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You can expect an abundance of vegetables, fruits, and root crops to appear on menus around the island. Dominica's economy, after all, is based on agriculture. Sweet ripe plantains, kushkush (cornmeal), yams, breadfruit, dasheen (also called taro), fresh fish, and chicken prepared at least a dozen different ways are all staples. The local drink is a spiced rum steeped with herbs such as anisette
The local drink is a spiced rum steeped with herbs such as anisette (called nanny) and pweve (lemongrass). Dominican cuisine is also famous for its use of local game, such as the manicou (a small opossum) and the agouti (a large indigenous rodent), but you'll have to be an intrepid diner to go that route. The government had banned "mountain chicken" (a euphemism for a large frog called crapaud) because a fungal disease, over-hunting, and other problems have greatly reduced its numbers.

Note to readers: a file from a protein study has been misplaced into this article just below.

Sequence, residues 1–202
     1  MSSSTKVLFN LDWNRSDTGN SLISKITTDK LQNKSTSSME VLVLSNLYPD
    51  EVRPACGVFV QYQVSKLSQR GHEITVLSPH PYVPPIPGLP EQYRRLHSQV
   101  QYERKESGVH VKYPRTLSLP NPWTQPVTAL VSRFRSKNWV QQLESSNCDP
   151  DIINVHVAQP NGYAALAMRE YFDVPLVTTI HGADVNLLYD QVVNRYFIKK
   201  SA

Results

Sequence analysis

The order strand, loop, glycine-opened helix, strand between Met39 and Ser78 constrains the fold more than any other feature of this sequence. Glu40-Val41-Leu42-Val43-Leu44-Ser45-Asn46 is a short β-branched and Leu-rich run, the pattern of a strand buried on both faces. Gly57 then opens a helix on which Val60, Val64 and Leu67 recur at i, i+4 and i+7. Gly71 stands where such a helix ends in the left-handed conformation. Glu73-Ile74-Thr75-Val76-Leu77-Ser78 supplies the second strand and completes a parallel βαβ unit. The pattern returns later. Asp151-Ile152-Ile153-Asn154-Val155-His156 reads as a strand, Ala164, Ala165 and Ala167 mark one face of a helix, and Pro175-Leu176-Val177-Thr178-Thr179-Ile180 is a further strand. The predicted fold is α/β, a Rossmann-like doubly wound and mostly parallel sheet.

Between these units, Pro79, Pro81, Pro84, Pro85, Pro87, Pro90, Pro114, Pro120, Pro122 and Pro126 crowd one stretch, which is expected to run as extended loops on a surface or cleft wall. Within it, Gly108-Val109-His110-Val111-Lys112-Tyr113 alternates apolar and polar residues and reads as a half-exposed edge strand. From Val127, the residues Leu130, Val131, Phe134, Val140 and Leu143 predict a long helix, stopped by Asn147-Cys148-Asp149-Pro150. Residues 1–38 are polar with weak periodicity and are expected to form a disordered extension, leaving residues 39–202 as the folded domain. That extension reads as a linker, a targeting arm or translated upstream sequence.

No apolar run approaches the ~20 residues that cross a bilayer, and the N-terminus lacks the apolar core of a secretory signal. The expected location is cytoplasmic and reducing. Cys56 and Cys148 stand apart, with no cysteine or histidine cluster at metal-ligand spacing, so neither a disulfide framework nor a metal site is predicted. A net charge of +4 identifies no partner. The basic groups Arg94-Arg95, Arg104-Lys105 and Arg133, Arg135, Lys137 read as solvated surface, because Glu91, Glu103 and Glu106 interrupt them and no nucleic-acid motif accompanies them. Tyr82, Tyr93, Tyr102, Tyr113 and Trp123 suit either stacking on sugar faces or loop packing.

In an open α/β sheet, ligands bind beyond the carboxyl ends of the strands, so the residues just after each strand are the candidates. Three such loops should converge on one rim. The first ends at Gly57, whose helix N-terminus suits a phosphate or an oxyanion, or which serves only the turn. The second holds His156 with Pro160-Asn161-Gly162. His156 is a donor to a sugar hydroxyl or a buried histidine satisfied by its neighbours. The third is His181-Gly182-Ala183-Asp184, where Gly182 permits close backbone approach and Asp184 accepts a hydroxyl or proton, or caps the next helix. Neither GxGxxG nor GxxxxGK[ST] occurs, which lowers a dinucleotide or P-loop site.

What to Wear: Most Dominicans dress nicely but practically when eating out—for dinner it's shirts and trousers for men and modest dresses for women. During the day, nice shorts are acceptable at most places; beach attire is frowned on unless you're eating on the beach.